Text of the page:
A new study from the Texas Public Policy Foundation is a reminder that the most persuasive argument in favor of school choice is not the promise of higher test scores, the beneficial effects of competition, or even an escape hatch from failing public schools—it’s the power of choice to make a more satisfying range of school cultures and curriculum available than traditional public schools can accommodate.
For years, wonkish arguments for school choice mostly revolved around enhanced performance. Researchers and policymakers have long built the case for (or against) choice based on test scores or other measurable metrics to demonstrate that choice “works.” The rapid growth of charter schools, for example, has long been framed as a moral imperative: a lifeboat to rescue students from failing schools, and a means of pressuring traditional public schools to improve or lose students to competition. More recently, some have offered choice as a means of disarming combatants in our ongoing “culture wars.” This train of thought brings us a little closer to putting school culture and curriculum at the center of the case for choice, but it still treats those things as a means, not an end in itself.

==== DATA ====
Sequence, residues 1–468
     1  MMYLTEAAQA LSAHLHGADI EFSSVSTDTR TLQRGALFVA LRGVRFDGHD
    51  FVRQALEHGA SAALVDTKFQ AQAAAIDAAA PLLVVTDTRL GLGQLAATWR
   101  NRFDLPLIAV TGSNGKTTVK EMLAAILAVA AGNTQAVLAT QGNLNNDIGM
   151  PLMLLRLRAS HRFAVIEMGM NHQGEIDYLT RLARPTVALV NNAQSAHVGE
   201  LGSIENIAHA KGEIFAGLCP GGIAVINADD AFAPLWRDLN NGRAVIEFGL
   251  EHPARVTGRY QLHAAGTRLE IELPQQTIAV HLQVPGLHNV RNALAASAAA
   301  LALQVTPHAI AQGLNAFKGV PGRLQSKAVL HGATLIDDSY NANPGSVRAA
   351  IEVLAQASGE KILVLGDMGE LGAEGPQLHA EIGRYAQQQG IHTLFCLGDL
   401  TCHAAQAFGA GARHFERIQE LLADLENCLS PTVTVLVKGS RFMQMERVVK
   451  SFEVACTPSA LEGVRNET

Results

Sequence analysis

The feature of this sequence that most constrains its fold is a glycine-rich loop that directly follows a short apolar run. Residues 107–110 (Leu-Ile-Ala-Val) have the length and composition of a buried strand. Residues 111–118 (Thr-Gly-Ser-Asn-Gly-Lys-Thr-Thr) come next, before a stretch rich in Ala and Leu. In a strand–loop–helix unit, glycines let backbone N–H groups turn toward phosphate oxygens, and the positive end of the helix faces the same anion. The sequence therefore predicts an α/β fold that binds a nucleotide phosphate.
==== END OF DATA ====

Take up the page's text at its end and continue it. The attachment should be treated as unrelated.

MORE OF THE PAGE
These common arguments for choice are lost on those actually doing the choosing. An analysis of the growth of classical charter schools in Texas by Albert Cheng and Cassidy Syftestad, suggests that parents are choosing those schools because of the intrinsic appeal of an education for their children grounded in the pursuit of truth, goodness, and beauty. The pair surveyed 431 parents with children enrolled in Texas classical charter schools and convened focus groups for 25 of them to discuss their educational priorities for their children and what they liked or disliked about their child’s school. They found that “parents’ educational priorities aligned with the priorities of classical education,” which has seen a big spike in demand in Texas and elsewhere. Parents expressed “strong desires for their children to grow in wisdom and virtue,” they explain.